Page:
Friday, April 1, 2011

TV collaboration / Smart Grid monitors your life / Facial recognition

   The AT & T merger with T-Mobile might bring higher prices and better coverage. I recently received a pamphlet in the mail from AT & T about the iPhone 4 and how AT & T scientists are developing these technologies:

-Attaching a projector to the phone to view X-Rays
-Remote monitoring, such as sensing when a pill bottle is opened or closed. 
-Location specific ads pushing to the phone.
 -Your house appliances will be connected to the net so someone can watch exactly how long you use each tool. There are privacy issues popping up as every aspect of our lives are monitored using the smart grid.

   Follow how AT & T is taking over with new technologies here.
   This is right after the announcement that Google made an app that can give you information about a person simply by taking a picture of them. Using facial recognition software, the app searches the web for Facebook and website info related to the person. With just one snap, we can learn what a total stranger reads, watches, listens to, etc. Engadget says you will love it or hate it. What do you think?

Saturday, February 26, 2011

MEANWHILE - A comic book game for the thinkin' man.

   It's a book. It's a game. It's a geniusly crafted comic adventure comedy by Jason Shiga.

   You begin by choosing chocolate or vanilla ice cream. What follows is a journey of hilariously epic proportions that includes a time machine, Killitron and a memory switching device. Jimmy is a cartoon character that you lead through the story by following tubes from one panel to another. This system brings you all over the book in a mind-boggling level of complication. Try to get to the end without killing everyone in the world.

   There appears to me a method to the madness. The clues on how to find an access code or progress in the right steps begin to show themselves after starting over a few times. I had to think long and hard about where I've gone before. Some of the pages look exactly the same with just a few words of difference, so memorizing your way through is difficult.

   I still haven't gotten to the end of the book, but once I gather all my wits about me I'll take another crack!

Tuesday, February 15, 2011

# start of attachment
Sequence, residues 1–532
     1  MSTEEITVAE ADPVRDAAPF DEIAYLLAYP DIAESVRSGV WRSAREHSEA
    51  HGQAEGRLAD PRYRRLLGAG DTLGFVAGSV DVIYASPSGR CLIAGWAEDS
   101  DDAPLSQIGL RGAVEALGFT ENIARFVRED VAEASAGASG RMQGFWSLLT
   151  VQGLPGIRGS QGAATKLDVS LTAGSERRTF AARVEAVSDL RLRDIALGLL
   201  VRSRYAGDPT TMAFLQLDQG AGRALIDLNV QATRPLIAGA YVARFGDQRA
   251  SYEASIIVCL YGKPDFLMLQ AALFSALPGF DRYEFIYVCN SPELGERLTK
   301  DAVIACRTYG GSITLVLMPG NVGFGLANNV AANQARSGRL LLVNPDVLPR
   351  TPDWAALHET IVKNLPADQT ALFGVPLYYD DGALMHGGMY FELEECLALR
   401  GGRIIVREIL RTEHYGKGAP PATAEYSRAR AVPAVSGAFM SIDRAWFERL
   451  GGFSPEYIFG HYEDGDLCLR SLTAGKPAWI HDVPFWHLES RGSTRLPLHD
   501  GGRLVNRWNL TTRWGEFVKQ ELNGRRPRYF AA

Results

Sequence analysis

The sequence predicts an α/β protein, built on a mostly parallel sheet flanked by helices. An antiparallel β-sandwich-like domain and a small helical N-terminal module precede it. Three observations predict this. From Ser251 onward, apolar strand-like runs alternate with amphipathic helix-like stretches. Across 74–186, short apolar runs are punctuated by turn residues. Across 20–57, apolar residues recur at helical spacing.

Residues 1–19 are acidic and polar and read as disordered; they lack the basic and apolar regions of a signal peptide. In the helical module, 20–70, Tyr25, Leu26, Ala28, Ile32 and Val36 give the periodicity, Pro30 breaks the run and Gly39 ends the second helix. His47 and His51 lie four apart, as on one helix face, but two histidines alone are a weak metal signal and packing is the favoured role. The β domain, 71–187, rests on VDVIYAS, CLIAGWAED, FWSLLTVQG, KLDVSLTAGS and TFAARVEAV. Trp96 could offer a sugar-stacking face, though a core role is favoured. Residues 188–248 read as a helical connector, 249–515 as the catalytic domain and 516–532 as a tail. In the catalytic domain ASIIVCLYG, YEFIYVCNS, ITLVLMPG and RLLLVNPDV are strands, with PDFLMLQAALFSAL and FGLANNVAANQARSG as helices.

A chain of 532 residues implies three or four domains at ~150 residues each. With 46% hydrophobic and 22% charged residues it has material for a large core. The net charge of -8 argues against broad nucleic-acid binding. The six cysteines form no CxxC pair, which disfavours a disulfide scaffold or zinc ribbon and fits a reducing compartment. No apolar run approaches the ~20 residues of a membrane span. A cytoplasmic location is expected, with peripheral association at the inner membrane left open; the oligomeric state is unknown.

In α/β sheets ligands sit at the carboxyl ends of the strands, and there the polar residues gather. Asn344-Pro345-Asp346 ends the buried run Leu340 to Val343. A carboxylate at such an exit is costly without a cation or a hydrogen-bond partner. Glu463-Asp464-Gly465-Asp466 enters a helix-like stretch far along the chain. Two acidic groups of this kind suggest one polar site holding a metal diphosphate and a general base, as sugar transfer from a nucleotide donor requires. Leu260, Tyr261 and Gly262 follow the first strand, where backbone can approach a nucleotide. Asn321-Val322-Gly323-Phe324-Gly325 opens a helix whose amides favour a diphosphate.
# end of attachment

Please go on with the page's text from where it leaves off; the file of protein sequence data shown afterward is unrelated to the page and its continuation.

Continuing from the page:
Game design inspiration - The Secret Teachings of All Ages

     Digging deep into mythology is a great way to create characters and events that we recognize. Games constantly feed off of urban legends, ancient occult themes and historic stories of gods and monsters. Oddly, there is so much fresh material left out there, believe it or not! After giving a book a read-through, I was more knowledgeable about the origins of belief systems, occults symbols and ancient stories than all my years of fantasy gameplay. That book is aptly called The Secret Teachings of All Ages by Manly P. Hall.

     Volumes of global esoteric knowledge has been collected within one book. It contains many different cultures and their creations of religion, symbols and beliefs. It covers topics such as Ancient Mysteries and Secret Societies, Pyramids, animals and insects, Qabbalah, Tarot, Rosicrucianism, alchemy, Freemasonry, Christianity, gods, stones, metals, gems, atrology, etc. Hundreds of illustrations show ancient art reflecting philosphies and symbols of the day.

     Reading it through, I became aware of how much of our daily speech and today's symbols had their origins back in ancient times. This is the book that tells us where we've been mentally. I encourage you to read it when creating a fantasy that will have deeper ties to the meanings we've created in the past as humans. 

Saturday, January 8, 2011

Personal Effects Dark Art - novel review

   The novel begins innocently enough with Zach, an employee of the Brinkvale mental hospital. Zach is a successful new art therapist assigned to a new patient named Martin Grace. Grace is blind and insists that a “Dark Man” is telling him how and when people will die. Then they do. Now he's awaiting a multiple murder trial.

   But the reader interaction goes much further than reading words on pages. When a character is given a number to check a phone message, I picked up my phone, dialed away and heard that message. Zach's girlfriend has a gaming blog I went online and read. And then there's the 26 documents that are kept in a folder in the front cover of the book.

   When I read about a document in the book, I found it in the envelope and examined it. This transmedia experience led me to “follow the clues” in real time which I found to enrich the story greatly. The depth of the story given from the documents (which range from photograph and drivers licenses to braille notes and death certificates) brought me closer to what Zach was discovering and gave me a sense of agency towards the events unfolding. The illustrations throughout the novel show us renditions of the characters involved.

   Transmedia storyteller J.C. Hutchins penned the book along with Jordan Weisman, a game designer who founded 42 Entertainment. Together they weave a mind bending web of fear and passion that utilizes transmedia elements in a seamless, brilliant way.